5 Life Lessons I’ve Learned Whilst Building Adzvice
I was so honoured to have been invited to speak along the likes of Jay, (co-founder of Curlture), Ronke Lawal (founder of Ariatu PR) and Tatenda Nyamande, (founder of ubuntugraphy), all of whom are people I’ve admired from afar. There was one issue though that caused me to (in normal Ade fashion), stress unnecessarily over- what the hell was I going to talk about?!
Choosing the right topic
After consulting with my nearest and dearest (shout out Yemz and Stelle), I decided on sharing 5 of the most valuable lessons I’ve learned whilst building Adzvice. Not only did I manage to get over my nerves and deliver the talk, people actually took notes and asked questions. I thought it would be only right that I share a much more polished version of that talk with you, hence why we’re here.
These 5 things can be applied to many facets of life. Whether you’re building a brand, launching a blog or just trying to get yourself out there a bit more, I’m hoping you’ll take something from this post.
1. Don’t fear change
I’ve been blogging off and on for over 6 years (inconsistently would be putting it nicely). I’ve started and scrapped many blogs during that time.
However, one common theme with all of these was the desire to share the little knowledge I had picked up along the way on a number of topics. Sharing knowledge with someone and having them really appreciate it has always brought me great joy. Despite that, I never could find the right platform to build what eventually blossomed into Adzvice.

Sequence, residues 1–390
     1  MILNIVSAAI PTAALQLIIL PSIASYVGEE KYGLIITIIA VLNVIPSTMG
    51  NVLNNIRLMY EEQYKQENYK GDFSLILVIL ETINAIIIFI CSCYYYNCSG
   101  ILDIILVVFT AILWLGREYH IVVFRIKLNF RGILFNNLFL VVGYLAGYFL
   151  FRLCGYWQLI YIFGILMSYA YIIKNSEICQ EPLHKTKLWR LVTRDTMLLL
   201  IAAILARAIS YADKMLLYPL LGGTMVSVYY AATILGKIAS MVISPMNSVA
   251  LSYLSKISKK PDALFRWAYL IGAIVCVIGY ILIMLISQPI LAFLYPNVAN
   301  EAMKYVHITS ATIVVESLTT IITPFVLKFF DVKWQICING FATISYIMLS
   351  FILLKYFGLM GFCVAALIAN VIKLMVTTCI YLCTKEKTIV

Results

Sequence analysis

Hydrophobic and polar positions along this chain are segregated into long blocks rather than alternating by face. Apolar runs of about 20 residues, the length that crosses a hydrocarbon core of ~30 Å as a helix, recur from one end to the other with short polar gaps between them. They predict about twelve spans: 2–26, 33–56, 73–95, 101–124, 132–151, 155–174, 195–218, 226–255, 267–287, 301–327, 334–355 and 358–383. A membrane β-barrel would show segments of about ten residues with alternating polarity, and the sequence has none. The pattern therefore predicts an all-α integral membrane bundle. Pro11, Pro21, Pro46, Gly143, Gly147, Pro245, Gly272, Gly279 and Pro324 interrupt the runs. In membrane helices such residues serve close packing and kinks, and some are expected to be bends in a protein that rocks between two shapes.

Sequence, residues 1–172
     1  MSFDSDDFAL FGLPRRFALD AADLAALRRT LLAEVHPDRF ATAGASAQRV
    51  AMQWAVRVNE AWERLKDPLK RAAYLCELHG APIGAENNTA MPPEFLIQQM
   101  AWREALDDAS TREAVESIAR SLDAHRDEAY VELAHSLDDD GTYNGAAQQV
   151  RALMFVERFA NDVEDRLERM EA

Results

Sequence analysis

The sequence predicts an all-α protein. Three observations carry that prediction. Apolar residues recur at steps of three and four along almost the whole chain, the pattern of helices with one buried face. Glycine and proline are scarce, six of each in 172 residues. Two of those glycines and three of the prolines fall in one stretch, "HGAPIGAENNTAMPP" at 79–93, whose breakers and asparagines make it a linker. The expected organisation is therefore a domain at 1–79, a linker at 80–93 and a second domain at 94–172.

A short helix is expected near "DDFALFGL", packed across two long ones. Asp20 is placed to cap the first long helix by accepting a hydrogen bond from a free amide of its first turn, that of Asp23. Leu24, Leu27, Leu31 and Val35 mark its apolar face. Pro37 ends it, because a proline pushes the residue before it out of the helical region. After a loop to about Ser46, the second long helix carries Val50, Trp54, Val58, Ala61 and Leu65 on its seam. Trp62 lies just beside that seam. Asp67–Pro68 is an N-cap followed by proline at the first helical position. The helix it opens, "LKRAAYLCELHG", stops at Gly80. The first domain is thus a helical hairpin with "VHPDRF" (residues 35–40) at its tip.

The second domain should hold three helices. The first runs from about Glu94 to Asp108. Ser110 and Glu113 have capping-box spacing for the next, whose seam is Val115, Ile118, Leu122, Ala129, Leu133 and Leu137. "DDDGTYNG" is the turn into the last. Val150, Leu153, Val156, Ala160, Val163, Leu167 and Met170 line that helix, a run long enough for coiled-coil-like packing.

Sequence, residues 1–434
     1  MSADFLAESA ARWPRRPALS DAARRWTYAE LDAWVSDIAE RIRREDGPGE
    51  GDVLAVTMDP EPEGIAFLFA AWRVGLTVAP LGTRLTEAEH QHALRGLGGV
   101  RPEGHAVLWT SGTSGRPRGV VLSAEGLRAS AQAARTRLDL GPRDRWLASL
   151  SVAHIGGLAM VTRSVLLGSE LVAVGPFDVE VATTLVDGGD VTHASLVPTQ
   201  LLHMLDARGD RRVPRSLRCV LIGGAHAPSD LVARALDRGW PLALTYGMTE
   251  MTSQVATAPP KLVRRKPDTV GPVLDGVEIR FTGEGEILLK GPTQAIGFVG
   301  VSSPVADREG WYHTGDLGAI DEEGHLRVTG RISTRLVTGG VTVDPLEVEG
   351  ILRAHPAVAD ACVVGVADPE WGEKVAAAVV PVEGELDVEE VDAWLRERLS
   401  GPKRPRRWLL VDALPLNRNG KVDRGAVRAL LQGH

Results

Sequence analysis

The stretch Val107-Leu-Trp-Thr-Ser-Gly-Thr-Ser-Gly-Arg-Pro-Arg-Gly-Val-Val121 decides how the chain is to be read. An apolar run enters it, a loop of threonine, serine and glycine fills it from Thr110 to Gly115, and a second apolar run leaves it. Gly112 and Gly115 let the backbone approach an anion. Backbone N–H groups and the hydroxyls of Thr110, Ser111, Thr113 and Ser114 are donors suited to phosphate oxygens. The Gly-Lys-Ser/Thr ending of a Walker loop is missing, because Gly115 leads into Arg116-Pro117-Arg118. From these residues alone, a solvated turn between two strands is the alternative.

That annoyance which I assure you is a very uncomfortable feeling is actually a great thing. Nothing revolutionary ever came from being comfortable. Cavemen were not sitting back feeling toasty and warm when they discovered fire. People didn’t just get bored of smelling horse shit before cars came into mass production. At the other side of discomfort is a fantastic innovation - welcome that feeling, it means you want better than your current and that acknowledgement is a sign of great character.
"Keep throwing things against the wall, eventually something will stick."
2. Always seek out synergies
Look for people who add real value. Synergy happens when the combined result of the combination is greater than the individual parts. Connect with the right people and you can produce things that none of you would have been able to alone.
When building something, we can often overlook the power of personal networks. I am blessed to be able to say that some of my biggest inspirations happen to be some of my closest friends. I wouldn’t have been able to build Adzvice without their involvement, support and recommendations.
I see it all too often. People forget the fact that not only can social media sites be great for posting funny memes and videos, you can also use social networks to network! The clue is in the name.